Chile con carne

Laurence Horn laurence.horn at YALE.EDU
Tue Dec 24 19:45:03 UTC 2002

At 9:09 PM -0500 12/19/02, Bapopik at AOL.COM wrote:

>    Supposedly, the first "chile con carne" citation is 1857.  Supposedly,
>it's an American dish.  John Mariani's encyclopedia includes that famous
>quotation that chile con carne is "a detestable food with a false Mexican
>title which is sold in the United States from Texas to New York."
>    So what do you make of this, which I came across today?...
>by William Davis Robinson
>Philadelphia: Lydia R. Bailey, printer
>Pg. 71:  ..."the end justifies the means."
>Pg. 84:  ..._rancho_*...
>*_Rancho_ signifies a farm...
>Pg. 150:  ..._chile_ (capsicum_)...
>Pg. 150:  For all culinary purposes, this vegetable is as essential to the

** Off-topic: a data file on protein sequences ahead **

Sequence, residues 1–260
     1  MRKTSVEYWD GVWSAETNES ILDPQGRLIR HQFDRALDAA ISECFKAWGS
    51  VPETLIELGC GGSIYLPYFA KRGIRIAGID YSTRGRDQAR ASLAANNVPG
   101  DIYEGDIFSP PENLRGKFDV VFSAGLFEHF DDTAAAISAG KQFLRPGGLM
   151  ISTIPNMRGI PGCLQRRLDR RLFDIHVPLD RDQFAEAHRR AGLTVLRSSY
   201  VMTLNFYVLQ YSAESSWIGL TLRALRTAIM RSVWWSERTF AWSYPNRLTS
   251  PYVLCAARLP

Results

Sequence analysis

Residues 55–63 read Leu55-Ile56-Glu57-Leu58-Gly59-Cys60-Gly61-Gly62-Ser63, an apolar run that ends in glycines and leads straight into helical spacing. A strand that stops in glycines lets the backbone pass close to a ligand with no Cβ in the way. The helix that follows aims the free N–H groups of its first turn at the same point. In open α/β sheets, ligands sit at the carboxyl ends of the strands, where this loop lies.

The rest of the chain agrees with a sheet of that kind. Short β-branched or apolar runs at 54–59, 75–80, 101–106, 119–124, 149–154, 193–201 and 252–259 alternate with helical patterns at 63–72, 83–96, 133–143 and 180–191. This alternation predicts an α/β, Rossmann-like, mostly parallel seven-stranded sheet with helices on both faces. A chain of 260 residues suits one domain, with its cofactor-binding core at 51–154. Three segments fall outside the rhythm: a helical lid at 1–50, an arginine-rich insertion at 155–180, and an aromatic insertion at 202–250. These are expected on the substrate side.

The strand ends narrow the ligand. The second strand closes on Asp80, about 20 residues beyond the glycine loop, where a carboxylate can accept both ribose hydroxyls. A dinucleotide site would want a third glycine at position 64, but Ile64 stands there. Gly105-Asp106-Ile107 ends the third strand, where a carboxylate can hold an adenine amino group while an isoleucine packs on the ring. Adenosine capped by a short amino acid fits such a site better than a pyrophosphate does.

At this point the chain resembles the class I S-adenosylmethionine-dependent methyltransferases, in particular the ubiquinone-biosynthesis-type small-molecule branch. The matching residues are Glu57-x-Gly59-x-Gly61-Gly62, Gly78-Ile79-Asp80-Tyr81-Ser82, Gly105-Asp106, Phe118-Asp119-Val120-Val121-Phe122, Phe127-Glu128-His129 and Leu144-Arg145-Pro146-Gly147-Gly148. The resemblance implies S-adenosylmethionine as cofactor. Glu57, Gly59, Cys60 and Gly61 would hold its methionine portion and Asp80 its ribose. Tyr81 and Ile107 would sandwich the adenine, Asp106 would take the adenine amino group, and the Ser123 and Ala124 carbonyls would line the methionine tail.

>Mexican, as salt is to the European, and indeed more so, because a Mexican
>would rather go without bread, than lack chile with his meat.
>(Yes, no "chile con carne," but "chile with his meat" is close--ed.)

I'd say no relation whatsoever.  Chile con carne, on which I tend to
agree with the famous quotation, is a specific dish--with many
variants--involving braised and/or stewed meat with beans and/or
tomatoes and some seasonings involving fresh chile peppers or more
likely chile/chili powder.  The context of the above quote is one in
which meat is served with chiles served as a condiment on the side or
involved in the preparation or both, either of which is far more
typical of Mexican food than "chile con carne" of the type found at
chile cookoffs in the U.S. or canned by Hormel.  In the context, I
wouldn't agree that "chile con carne" in the modern sense is at all
close to "chile with meat".  (And, yes, I'm aware that I'm spelling
that second vowel in the keyword inconsistently.)


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